What is a Team?
Team care integrates the skills of primary care providers and other health care professionals with those of the patient and family members into a comprehensive lifetime diabetes management program1,2 that is high quality and cost-neutral3 or cost-effective.4 Because most diabetes care is carried out by the person with diabetes or his or her family, the patient is the central team member.
Teams usually include health care professionals with complementary skills who are committed to a common goal and approach.5 Team composition varies according to patients’ needs, patient load, organizational constraints, resources, clinical setting, geographic location, and professional skills. Teams may be physically located together or virtually connected through integrated and coordinated care processes.
To be optimally effective, teams may choose to develop a multidisciplinary planning and documentation tool for the medical record, which could include treatment goals, personal patient goals, and disease management, including medications, medical nutrition therapy, self-management education, and referrals. Such a tool can help all team members to clarify responsibilities, coordinate care, and communicate the patient’s progress in a timely way.6
Effective team models of care may include:
- Building multidisciplinary teams (e.g., adding new team members such as diabetes educators, registered dietitians, social workers, psychologists, or pharmacists)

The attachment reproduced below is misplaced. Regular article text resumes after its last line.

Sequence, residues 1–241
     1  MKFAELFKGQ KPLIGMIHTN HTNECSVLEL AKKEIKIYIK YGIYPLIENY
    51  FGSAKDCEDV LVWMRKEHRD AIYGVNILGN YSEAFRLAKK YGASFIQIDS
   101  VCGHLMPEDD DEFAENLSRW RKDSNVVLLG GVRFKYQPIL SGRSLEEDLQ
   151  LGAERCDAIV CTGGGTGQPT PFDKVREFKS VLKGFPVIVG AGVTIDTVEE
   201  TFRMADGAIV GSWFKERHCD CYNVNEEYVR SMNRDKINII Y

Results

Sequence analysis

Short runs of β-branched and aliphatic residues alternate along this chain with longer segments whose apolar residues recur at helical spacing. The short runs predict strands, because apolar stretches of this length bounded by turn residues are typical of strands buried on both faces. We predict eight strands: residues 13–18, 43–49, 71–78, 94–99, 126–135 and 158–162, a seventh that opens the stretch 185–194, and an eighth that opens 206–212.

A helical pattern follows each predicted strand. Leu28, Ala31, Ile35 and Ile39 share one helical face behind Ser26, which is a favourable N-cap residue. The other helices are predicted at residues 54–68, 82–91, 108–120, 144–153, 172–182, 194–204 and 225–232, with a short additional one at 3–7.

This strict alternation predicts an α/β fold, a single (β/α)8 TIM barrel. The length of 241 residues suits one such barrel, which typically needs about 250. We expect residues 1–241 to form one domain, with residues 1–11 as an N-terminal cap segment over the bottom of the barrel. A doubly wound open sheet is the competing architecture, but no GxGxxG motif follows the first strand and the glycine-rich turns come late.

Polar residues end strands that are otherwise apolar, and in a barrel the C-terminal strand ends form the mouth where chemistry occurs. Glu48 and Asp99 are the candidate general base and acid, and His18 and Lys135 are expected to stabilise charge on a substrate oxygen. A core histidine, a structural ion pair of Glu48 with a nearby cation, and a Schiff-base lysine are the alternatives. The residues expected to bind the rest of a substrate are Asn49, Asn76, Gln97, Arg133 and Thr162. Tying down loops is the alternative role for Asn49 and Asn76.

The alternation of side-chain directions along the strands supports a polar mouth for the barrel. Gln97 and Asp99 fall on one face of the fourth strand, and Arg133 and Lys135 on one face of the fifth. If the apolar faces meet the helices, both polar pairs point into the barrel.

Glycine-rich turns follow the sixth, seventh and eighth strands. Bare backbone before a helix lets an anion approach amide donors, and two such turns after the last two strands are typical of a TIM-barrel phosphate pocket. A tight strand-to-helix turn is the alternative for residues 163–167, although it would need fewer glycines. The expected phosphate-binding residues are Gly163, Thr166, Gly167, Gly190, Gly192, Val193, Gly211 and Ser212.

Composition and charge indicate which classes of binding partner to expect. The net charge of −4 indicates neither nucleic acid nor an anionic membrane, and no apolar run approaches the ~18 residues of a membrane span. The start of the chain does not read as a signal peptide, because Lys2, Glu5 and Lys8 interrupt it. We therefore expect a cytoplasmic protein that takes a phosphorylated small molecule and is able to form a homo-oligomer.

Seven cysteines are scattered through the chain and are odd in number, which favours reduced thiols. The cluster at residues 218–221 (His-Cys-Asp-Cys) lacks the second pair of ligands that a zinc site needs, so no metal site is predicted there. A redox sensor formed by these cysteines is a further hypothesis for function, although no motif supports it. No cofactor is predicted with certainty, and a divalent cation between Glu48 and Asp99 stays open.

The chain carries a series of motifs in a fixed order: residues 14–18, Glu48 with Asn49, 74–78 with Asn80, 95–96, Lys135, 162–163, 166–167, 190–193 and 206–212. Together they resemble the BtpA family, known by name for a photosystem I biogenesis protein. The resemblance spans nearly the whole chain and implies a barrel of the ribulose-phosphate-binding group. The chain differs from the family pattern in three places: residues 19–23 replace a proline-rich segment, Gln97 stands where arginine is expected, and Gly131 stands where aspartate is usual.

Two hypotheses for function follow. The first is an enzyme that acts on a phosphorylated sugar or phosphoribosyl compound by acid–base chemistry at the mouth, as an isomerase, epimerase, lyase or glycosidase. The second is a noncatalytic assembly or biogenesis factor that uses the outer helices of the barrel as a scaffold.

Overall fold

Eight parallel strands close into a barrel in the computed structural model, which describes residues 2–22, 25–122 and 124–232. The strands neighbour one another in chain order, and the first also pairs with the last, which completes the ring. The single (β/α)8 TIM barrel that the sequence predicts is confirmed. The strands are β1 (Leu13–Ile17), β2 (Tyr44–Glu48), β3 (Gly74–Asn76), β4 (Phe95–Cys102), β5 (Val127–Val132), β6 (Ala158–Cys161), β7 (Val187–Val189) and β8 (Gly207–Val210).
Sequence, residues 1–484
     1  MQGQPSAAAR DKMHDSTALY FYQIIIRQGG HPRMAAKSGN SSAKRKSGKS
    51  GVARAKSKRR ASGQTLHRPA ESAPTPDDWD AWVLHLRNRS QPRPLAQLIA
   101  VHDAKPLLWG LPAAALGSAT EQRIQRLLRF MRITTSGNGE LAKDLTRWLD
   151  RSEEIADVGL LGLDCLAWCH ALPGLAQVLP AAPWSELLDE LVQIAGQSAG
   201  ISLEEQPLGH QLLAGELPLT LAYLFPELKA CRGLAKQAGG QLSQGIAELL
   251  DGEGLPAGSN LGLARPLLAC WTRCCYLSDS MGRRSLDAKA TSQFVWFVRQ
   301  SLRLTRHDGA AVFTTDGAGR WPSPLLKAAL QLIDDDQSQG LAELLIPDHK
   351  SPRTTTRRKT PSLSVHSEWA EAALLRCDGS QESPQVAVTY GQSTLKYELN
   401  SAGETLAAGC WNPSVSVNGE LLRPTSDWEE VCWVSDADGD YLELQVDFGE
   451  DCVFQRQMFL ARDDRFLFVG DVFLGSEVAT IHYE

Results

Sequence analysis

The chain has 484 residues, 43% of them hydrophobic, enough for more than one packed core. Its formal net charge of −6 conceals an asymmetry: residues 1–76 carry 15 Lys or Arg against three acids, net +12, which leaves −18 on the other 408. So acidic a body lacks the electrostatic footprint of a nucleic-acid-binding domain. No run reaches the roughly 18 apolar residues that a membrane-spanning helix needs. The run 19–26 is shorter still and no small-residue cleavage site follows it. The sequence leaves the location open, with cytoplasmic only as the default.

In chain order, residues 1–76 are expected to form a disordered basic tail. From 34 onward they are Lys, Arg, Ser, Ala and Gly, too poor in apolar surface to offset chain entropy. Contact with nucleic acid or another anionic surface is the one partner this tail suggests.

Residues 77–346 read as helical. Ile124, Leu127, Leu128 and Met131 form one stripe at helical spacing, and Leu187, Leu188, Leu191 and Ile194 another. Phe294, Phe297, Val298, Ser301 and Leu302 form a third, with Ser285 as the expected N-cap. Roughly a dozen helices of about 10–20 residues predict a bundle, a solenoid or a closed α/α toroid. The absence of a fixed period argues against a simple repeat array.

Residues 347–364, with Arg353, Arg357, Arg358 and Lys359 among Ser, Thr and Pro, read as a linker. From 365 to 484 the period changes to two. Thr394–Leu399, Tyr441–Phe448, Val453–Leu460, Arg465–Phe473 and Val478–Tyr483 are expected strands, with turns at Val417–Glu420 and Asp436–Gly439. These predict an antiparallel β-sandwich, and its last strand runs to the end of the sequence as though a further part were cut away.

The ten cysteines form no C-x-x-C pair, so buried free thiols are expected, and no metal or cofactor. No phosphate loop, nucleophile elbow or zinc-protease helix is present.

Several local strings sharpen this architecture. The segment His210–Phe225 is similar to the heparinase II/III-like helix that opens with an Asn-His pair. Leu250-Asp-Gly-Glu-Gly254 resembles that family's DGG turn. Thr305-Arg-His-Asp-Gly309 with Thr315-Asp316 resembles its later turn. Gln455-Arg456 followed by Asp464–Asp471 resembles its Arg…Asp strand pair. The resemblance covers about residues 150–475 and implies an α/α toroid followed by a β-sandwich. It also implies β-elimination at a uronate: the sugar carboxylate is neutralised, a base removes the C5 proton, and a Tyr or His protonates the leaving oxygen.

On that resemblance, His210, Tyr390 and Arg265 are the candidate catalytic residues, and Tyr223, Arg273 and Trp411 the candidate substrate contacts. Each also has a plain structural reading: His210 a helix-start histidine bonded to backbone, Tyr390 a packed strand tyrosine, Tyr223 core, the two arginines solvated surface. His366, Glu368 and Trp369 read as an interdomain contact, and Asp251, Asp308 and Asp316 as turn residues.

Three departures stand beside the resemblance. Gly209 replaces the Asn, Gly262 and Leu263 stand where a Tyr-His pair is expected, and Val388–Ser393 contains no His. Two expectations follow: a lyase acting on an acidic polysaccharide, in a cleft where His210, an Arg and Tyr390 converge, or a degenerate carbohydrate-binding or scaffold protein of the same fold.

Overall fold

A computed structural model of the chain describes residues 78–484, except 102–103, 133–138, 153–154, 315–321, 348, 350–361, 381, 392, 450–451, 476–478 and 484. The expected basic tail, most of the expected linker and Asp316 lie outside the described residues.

- Expanding the professional role of an existing team member within the primary care practice setting (e.g., training nurses as health coaches or care coordinators, training medical office assistants to conduct pre-visit screenings)
- Establishing small teams or “teamlets” led by physicians who are supported by one or more health care professionals, such as an advanced practice nurses, registered nurses, licensed practice nurses, medical office assistants, or care coordinators, to improve case management. For more information about “teamlets” see The Visit: Time with the Physician which features a “teamlets” section.
- Maintaining team coordination and communication. Read more about how to maintain a successful team.
- Coordinating shared care between primary care providers and specialists (e.g., podiatrists, eye doctors, dentists, pharmacists, endocrinologists). For more information about shared care see Integrating Other Practitioners.
- Expanding access to team care through non-traditional approaches to health care, such as telehealth, shared medical appointments, and group education.
- Augmenting clinical care teams by linking to the resources and support of community partners such as school nurses, community health workers, trained peer leaders and others. For more information on partners in the community see Community Partnerships.
The benefits of diabetes team care include efficient patient education, improved glycemic control, increased patient follow-up, higher patient satisfaction, lower risk for the complications of diabetes, improved quality of life, reduced hospitalizations, and decreased health care costs.
Building and sustaining an effective patient-centered diabetes team requires:
- Commitment and support from organization leadership
- Active participation from the patient and health care professional team members
- Ways to identify the patient population through health information systems
- Adequate resources
- Payment mechanisms for team care services
- A coordinated communication system
- Documentation and evaluation of outcomes and adjustment of services as necessary
- Patient satisfaction, quality of life, and self-management